Movement Disorders Associated With CLIPPERS Chronic lymphocytic inflammation with pontine perivascular enhancement responsive to steroids (CLIPPERS) is a central nervous system inflammatory disease of unknown etiology. Movement disorders have been mentioned only briefly in a few reported cases.1

Case 1 A woman aged 65 years2 developed subacute right upper limb tremor and dystonia associated with progressive gait ataxia, dysarthria, vertigo, lethargy and confusion. Examination revealed right upper limb rest tremor predominantly affecting the forearm, moderate intention tremor, and intermittent postural tremor accompanied by dystonic posturing (see Video Segment 1). There was mild dystonia of the right leg during walking. Surface electromyography (EMG) recordings revealed 3-Hz to 4-Hz EMG bursting in the right upper limb muscles. A cerebral magnetic resonance image (MRI) demonstrated contrast-enhancing lesions in the bilateral brachium pontis, pons, and cerebellum, typical of CLIPPERS, in addition to high signal in the right dentate nucleus (Fig. 1A,B). Cerebellar biopsy demonstrated a perivascular, lymphohistiocytic, inflammatory infiltrate and reactive gliosis. Treatment with high-dose corticosteroids lead to dramatic clinical and radiological improvement, although the tremor persisted. Treatment with a combination of levodopa and botulinum toxin injections resulted in marked symptomatic and functional improvement of tremor.


10-mec to 25-msec EMG bursts in the left upper limb that were synchronous in the forearm antagonist muscles (Fig. 1C), with demonstration of a preceding cortical spike on back-averaging, consistent with epilepsia partialis continua (EPC). Cerebral MRI revealed punctate and linear enhancement in the brainstem, cerebellum, and pons with extension into the left thalamus (Fig. 1D) as well as hemispheric white matter involvement, although no specific lesion was identified in the cortical hand or face regions. Extensive serological investigations were negative.3 There was no improvement in the jerks despite treatment with azathioprine and prednisone for two years, and she declined further immunomodulatory therapy. Examination nine years after onset revealed ataxia and spasticity as well as ongoing jerks. Progress cerebral MRI scans revealed progressive atrophy of the brainstem and cortex without enhancement. In our first case, the phenomenology was suggestive of a Holmes tremor, consisting of a high-amplitude, 4-Hz tremor that was evident during rest, posture, and action.4 The onset of tremor corresponded with the appearance of an inflammatory focus in the right cerebellar hemisphere. In the second case, the diagnosis of EPC was supported by neurophysiological studies, which demonstrated the presence of a preceding cortical spike on back-averaging that was time-locked to EMG bursts of < 100-msec duration.5 Although cortical lesions were not identified, the presence of cortical atrophy on progress scans was suggestive of grey matter involvement. Movement disorders may be part of the presentation of CLIPPERS, presumably because of strategic lesions occurring as part of the underlying disease process, and can persist despite chronic immunosuppressive therapy, requiring targeted symptomatic treatment.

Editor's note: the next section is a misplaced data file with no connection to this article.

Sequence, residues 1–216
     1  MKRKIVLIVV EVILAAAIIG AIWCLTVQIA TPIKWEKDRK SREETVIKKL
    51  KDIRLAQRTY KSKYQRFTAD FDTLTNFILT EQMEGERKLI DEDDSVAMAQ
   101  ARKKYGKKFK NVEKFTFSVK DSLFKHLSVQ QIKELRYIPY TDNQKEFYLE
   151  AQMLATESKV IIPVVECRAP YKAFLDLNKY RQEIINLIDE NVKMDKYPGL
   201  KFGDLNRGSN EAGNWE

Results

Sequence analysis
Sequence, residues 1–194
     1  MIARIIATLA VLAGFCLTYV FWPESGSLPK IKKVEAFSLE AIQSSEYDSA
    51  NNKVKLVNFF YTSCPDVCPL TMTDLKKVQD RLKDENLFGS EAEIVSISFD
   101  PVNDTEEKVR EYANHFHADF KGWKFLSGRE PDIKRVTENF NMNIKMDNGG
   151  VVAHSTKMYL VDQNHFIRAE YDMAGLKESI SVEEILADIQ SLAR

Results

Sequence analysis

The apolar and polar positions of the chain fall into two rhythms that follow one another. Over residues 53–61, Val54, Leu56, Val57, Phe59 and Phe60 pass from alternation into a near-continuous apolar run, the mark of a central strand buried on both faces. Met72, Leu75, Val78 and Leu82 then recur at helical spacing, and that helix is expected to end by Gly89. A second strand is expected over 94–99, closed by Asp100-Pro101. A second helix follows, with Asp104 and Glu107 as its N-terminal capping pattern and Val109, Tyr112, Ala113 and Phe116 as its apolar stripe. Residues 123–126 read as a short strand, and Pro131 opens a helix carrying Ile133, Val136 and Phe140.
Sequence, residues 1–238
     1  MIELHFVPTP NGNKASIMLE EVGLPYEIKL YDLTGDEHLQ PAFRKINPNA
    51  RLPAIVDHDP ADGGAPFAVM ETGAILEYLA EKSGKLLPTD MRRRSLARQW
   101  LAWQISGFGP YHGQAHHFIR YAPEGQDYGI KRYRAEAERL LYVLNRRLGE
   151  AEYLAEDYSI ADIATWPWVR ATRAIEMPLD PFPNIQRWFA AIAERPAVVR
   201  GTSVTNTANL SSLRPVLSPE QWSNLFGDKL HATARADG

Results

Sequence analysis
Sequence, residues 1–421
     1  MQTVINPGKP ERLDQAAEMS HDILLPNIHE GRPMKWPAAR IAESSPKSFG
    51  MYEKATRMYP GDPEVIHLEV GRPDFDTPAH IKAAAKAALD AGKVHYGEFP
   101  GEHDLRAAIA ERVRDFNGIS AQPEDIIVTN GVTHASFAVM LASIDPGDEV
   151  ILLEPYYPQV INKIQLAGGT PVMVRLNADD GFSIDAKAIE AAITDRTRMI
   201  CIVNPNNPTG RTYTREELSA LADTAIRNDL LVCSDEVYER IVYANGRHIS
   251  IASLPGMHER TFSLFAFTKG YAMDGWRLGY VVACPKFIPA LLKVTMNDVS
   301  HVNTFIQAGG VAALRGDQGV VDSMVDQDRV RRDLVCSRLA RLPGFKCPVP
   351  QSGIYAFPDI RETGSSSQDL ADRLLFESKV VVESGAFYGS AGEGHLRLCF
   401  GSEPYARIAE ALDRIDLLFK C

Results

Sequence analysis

Legends to the Videos Case 2 3

The second woman developed jerks that affected her left hand and face at age 56 years, two years after the development of CLIPPERS, which manifested as ataxia, vertigo, ophthalmoplegia, and mild left-sided facial weakness (see Video Segment 2). The movements were near continuous, persisting during sleep. Irregular palatal movements also were observed. There was no associated action or reflexsensitive myoclonus. Neurophysiological recordings revealed

-----------------------------------------------------------Additional Supporting Information may be found in the online version of this article. *Correspondence to: Dr. Victor Fung, Movement Disorders Unit, Department of Neurology, Westmead Hospital, Westmead, NSW 2145, Australia; [email protected] Relevant conflicts of interest/financial disclosures: Nothing to report. Full financial disclosures and author roles may be found in the online version of this article. Received: 27 June 2013; Revised: 30 August 2013; Accepted: 10 September 2013 Published online 12 November 2013 in Wiley Online Library (wileyonlinelibrary.com). DOI: 10.1002/mds.25719